Anders Brownworth

Technology and Disruption

Activating an Inactive Software RAID

I had some sort of an unrecoverable drive / controller error on my home Linux server which locked up the machine and caused it's software RAID to go inactive after reboot.

box # cat /proc/mdstat
Personalities : [linear] [raid0] [raid1] [raid10] [raid6] [raid5] [raid4]
md0 : inactive sdb1[1] sda1[0] sdh1[6] sdg1[7] sdd1[2] sdf1[5] sde1[4]
6837319552 blocks

unused devices: <none>

One disk (/dev/sdc) was showing IO errors so I removed and replaced it.

box # mdadm --manage /dev/md0 --remove /dev/sdc1
box # fdisk /dev/sdc
(one partition of type "fd" spanning the disk)
box # mdadm --manage /dev/md0 --add /dev/sdc1

But when I attempted to re-assemble the RAID:

box # mdadm --assemble /dev/md0 /dev/sd[abcdefgh]1
mdadm: cannot open device /dev/sda1: Device or resource busy
mdadm: /dev/sda1 has no superblock - assembly aborted

What? No superblock? I can clearly read it:

box ~ # mdadm --examine /dev/sda1
Magic : a92b4efc
Version : 0.90.00
UUID : 2476ddcb:ac8eb7ae:d7a6d8c7:9aeca122 (local to host box)
Creation Time : Mon Jan 25 21:51:25 2010
Raid Level : raid5
Used Dev Size : 976759936 (931.51 GiB 1000.20 GB)
Array Size : 6837319552 (6520.58 GiB 7001.42 GB)
Raid Devices : 8
Total Devices : 8
Preferred Minor : 0

Update Time : Sun Aug 28 16:18:58 2011
State : active
Active Devices : 8
Working Devices : 8
Failed Devices : 0
Spare Devices : 0
Checksum : c1380029 - correct
Events : 8480985

Layout : left-symmetric
Chunk Size : 64K

Number Major Minor RaidDevice State
this 0 8 1 0 active sync /dev/sda1

0 0 8 1 0 active sync /dev/sda1
1 1 8 17 1 active sync /dev/sdb1
2 2 8 33 2 active sync /dev/sdc1
3 3 8 49 3 active sync /dev/sdd1
4 4 8 65 4 active sync /dev/sde1
5 5 8 81 5 active sync /dev/sdf1
6 6 8 113 6 active sync /dev/sdh1
7 7 8 97 7 active sync /dev/sdg1

Upon a more rational dissection, I notice the "Device or resource busy" error on the line before so I suppose that second error is just a misleading remnant.

But then it occurred to me, this superblock lists 8 good drives and no spares. This clearly isn't the case. And why is /dev/md0 even defined? Clearly an earlier mdadm --assemble had already worked somehow but decided /dev/md0 was not fit to start. This must have happened at boot.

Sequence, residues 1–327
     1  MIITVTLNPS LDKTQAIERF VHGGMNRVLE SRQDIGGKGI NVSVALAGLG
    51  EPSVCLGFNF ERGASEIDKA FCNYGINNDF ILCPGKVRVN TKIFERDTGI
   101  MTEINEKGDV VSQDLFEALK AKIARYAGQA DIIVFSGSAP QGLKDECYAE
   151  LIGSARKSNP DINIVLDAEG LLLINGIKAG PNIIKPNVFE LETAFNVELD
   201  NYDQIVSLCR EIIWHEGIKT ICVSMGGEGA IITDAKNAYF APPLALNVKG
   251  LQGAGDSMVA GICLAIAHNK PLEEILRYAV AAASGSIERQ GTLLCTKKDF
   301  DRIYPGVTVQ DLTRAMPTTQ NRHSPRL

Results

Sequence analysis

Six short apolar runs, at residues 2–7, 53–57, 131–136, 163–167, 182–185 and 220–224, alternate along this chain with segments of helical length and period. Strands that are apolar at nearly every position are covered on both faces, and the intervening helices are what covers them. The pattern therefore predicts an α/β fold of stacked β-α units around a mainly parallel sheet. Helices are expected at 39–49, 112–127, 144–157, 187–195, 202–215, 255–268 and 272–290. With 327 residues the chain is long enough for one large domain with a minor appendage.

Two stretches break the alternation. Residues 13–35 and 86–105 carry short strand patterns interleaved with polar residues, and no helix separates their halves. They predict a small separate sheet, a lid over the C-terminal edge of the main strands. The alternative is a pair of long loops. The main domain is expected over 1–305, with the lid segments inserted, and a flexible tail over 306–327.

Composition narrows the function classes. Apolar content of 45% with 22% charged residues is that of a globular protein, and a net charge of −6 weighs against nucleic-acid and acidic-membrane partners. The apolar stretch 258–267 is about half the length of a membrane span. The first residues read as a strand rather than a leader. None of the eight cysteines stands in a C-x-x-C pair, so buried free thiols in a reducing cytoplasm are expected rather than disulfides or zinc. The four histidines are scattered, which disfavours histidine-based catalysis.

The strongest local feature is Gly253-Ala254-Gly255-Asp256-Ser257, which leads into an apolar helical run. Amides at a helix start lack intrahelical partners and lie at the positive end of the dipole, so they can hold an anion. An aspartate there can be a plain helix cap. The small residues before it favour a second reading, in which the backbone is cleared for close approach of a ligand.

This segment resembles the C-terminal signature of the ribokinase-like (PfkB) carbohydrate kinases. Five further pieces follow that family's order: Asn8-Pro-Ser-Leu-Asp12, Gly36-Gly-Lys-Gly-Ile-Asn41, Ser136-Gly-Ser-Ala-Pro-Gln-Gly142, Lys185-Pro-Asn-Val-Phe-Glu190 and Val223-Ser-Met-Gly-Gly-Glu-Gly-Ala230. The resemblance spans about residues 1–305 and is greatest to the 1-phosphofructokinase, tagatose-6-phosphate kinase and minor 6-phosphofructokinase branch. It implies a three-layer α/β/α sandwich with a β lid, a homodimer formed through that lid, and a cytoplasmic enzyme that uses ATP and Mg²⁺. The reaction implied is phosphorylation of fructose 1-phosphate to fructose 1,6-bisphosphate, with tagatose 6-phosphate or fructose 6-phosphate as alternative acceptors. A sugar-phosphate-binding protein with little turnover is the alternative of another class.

I needed to remove /dev/md0 and re-assemble it again. But this time, I use the --force option so the RAID comes up active:

box # mdadm --stop /dev/md0
mdadm: stopped /dev/md0
box # cat /proc/mdstat
Personalities : [linear] [raid0] [raid1] [raid10] [raid6] [raid5] [raid4]
unused devices: <none>
box # mdadm --assemble --force /dev/md0 /dev/sd[abcdefgh]1
mdadm: /dev/md0 has been started with 7 drives (out of 8) and 1 spare.
box main # cat /proc/mdstat
Personalities : [linear] [raid0] [raid1] [raid10] [raid6] [raid5] [raid4]
md0 : active raid5 sda1[0] sde1[8] sdg1[7] sdh1[6] sdf1[5] sdd1[4] sdc1[2] sdb1[1]
6837319552 blocks level 5, 64k chunk, algorithm 2 [8/7] [UUU_UUUU]
[>....................] recovery = 0.0% (71456/976759936) finish=455.5min speed=35728K/sec

unused devices: <none>

If you have an inactive /dev/md0, you have to stop it before retrying the assemble. The "Device or resource busy" and "no superblock" errors are slightly misleading.

All that is left is to watch the rebuild happen.

watch -n .5 cat /proc/mdstat

Comments (22)

atripl from Russia, Volgograd

I had the same problem today and completely forgot that the device md0 had started during the boot and not allowed me to re-assemble it. Thanks for your post!

SeanB from MN, US

This was very, very, very helpful, thanks for posting. I did have to stop my existing arrays and re-assemble them, was beating my head against the wall to figure out why I couldn't get them to start, superblocks, etc.

CodeMonkeyJ from MD, USA